I think I was supposed to fill in my particular [whatever it is that prevents/stops your writing], but I don't think I have a specific Achilles heel that way. Not that I don't encounter obstacles to getting my words in every day! There are multitudes of those things, from Stupidly Trivial to Truly Important. When I was a newbie writer, even the Stupidly Trivial stuff won all the time. These days, only the Truly Important stuff gets in the way of writing, and even then I bounce back quickly, all because of my secret weapon.
My secret weapon is: my writing habit.
I'm a huge fan of building a writing habit. Because I've spent the last twenty years developing a writing habit, it's so refined now, so solidly at the center of my daily life, that writing almost happens of its own accord.
Sometimes, sure, I have to fight the megrims, the tooth-pulling days, the sheer don'-wannas - but the writing habit has me at my desk, writing anyway. Even if I take a deliberate sick or vacation day, I feel weird not writing, because the habit is tugging at me. I feel like something is missing until I get back to it.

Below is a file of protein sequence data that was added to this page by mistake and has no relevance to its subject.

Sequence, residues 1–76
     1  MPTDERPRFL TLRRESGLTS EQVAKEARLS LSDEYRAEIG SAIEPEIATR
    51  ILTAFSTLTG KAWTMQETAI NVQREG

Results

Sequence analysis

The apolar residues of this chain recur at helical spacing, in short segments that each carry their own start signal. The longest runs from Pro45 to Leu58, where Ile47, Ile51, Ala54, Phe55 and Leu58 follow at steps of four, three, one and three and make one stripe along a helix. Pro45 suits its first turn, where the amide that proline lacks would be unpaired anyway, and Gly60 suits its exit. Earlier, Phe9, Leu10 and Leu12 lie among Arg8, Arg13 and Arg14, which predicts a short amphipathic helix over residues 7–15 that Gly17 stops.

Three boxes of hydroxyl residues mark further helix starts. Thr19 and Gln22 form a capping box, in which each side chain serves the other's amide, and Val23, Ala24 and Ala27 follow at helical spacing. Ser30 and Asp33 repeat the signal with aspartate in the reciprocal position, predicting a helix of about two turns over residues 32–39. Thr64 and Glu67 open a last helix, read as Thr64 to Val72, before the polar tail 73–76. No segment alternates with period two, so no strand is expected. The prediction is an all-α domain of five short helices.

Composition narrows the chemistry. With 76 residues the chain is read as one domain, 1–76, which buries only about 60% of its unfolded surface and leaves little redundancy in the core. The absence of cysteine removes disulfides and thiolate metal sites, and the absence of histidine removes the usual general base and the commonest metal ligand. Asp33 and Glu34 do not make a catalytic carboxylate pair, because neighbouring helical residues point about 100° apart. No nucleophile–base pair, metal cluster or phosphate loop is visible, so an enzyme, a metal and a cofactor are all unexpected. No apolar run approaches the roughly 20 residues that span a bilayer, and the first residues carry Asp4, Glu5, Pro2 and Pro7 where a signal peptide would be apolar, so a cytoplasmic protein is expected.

Human beings are creatures of habit - both good and bad. Habit takes over when we're not deliberately working against it. We all have bad habits we'd like to kick - and know from experience how freaking hard that is to do! Why not take advantage of this force of nature and our deepest selves, and build a good habit that's hard to break?
Building a solid writing habit is the best thing I ever did, which is why I emphasize it in my Author Coaching Services.
But you can do it on your own! Find a time when you can write at the same time, every day, even if for only five minutes. Or one. I know it's super hard to carve out that time. When I started doing this, the only time I could find was at 5am - and I am NOT a morning person. But I wanted to build a writing habit more than I hated getting up so early. If you absolutely CANNOT find a consistent time slot, then hinge it off something else that is consistent: like lunch hour at the day job, or when you get home from work, or right after you put the kids to bed. The most important aspect is that consistency, because that's what builds the habit.
Do this for 30 days - because that's how long it takes to build a habit - and keep doing it. After that, you can move it around without breaking it. It can adapt and change over the years - and it will take on a life of its own. It will feed you instead of you feeding it.
Seriously, the best thing for my writing I ever did.